National Audit office report claims body has failed to get value for money on projects including London HQ
The BBC has been criticised in a report by the National Audit Office today, for failing to get value for money on three major projects around the country.
The projects, which have cost a total of £2bn, include the redevelopment of the BBC's London headquarters, Broadcasting House.
The report, released today, said the refurbishment of Broadcasting House was over four years behind schedule and £55 million over budget. The project was planned to cost £991 million and be finished by December 2008. It is now expected to cost £1.05 billion and be completed by April 2013.
The audit office accused the corporation of poor management on the scheme and said that the first phase of the project “got into serious difficulties before the BBC took action.”
The report added: “The full scope of the project was not defined clearly at the outset, and weak governance and poor change control processes contributed to severe delays and increased costs.”
Problems with two other projects were highlighted in the report - the BBC's Scottish headquarters in Glasgow and its new base in Salford.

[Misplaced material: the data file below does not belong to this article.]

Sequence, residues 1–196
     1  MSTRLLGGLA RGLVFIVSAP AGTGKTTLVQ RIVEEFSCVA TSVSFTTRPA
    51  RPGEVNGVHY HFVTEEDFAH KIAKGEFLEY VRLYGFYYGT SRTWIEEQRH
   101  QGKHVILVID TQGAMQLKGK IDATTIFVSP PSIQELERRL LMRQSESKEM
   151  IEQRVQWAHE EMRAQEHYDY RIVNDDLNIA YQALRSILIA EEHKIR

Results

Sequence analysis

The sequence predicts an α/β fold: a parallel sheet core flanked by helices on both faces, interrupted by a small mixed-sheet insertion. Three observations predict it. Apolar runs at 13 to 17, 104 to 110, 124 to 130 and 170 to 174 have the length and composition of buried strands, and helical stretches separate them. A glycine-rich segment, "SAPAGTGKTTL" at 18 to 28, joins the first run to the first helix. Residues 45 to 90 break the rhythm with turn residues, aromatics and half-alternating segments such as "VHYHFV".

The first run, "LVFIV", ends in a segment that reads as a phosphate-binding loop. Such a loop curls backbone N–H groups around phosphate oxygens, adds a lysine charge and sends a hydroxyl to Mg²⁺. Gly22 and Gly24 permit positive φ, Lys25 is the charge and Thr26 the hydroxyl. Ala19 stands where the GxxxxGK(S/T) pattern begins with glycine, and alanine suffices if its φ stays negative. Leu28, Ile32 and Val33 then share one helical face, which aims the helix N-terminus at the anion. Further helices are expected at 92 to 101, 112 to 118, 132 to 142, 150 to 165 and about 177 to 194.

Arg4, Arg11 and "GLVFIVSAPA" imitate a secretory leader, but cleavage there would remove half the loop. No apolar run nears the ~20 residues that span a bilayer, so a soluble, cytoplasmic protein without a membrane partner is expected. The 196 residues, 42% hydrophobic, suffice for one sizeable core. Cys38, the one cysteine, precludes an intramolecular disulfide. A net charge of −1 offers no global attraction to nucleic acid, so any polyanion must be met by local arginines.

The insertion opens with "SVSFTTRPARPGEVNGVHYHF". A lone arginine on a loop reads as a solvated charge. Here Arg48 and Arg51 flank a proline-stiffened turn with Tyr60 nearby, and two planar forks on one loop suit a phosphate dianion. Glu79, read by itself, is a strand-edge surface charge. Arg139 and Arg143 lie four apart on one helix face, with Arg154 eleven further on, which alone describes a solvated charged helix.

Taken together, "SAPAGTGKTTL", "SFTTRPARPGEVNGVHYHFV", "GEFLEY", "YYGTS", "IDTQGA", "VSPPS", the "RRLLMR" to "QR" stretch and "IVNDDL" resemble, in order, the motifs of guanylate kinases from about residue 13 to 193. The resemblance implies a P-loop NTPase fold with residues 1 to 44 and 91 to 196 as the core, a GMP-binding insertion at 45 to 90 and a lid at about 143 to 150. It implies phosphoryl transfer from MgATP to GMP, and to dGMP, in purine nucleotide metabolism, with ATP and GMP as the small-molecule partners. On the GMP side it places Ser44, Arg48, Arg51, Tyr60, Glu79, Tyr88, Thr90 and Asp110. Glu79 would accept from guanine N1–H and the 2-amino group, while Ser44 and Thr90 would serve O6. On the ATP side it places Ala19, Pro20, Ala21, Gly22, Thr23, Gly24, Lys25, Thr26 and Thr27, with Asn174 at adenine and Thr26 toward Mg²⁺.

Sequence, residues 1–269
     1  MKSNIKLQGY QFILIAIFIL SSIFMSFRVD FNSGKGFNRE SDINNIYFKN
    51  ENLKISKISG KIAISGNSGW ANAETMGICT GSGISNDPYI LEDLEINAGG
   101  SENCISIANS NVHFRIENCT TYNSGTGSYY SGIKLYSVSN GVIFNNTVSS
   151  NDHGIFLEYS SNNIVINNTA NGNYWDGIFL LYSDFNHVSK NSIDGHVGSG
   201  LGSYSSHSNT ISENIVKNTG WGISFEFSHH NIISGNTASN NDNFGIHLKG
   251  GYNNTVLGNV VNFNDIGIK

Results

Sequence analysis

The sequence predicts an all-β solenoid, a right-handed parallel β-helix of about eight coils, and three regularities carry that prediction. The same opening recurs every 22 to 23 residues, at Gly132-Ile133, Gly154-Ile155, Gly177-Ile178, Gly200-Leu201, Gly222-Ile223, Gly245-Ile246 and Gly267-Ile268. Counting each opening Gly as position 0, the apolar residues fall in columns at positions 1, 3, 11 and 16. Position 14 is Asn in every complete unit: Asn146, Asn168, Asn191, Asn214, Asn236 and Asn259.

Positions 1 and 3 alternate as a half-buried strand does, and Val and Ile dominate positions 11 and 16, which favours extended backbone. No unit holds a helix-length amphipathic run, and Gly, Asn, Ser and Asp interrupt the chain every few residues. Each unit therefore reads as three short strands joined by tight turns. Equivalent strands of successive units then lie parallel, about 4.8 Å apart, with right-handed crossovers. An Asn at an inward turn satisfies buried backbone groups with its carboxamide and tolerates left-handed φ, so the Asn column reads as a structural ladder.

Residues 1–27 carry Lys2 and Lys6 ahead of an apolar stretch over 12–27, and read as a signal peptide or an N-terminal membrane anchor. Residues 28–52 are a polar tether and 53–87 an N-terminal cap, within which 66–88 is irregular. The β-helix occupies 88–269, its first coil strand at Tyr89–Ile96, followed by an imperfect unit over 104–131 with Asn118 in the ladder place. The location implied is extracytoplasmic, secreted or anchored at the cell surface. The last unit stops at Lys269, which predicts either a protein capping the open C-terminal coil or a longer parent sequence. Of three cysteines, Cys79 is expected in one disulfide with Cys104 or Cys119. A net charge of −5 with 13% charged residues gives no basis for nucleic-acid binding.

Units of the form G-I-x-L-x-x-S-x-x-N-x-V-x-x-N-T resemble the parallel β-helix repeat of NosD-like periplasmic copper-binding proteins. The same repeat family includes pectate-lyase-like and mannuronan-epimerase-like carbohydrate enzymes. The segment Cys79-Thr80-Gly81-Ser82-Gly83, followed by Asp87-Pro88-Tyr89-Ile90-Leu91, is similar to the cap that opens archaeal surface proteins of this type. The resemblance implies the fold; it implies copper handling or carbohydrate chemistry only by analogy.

Pacific Quay in Scotland was to have cost £126 million and be completed by June 2006. But the building was delayed by a year and cost £188 million.
The report said: “The BBC is not well placed to demonstrate value for money from the £2 billion it has committed to spending on the three projects over their life. The absence of clear assessments of intended benefits at the outset means there is no baseline against which to measure achievements.
“For future major projects, the BBC needs to make sure that investment decisions are based on a full assessment of the scope and cost of the project; there are clear baselines so that performance can be measured and project teams held to account; and proposals submitted by management are reliable and subject to effective challenge by the BBC Trust.”
A BBC spokesperson said: "The three projects reviewed - Pacific Key, MediaCity and Broadcasting House - are complex projects that have been designed to not only accommodate programme makers and technical facilities like studios, but to be enduring landmark buildings that the public use. Pacific Quay is already enabling the BBC to deliver better value for money, and we are confident that will be achieved for the projects in Salford and London. All three projects are now on track and once completed the total cost of property management at the BBC will fall by £50m per year."
The BBC is expected to carry out checks on all projects in the wake of the report.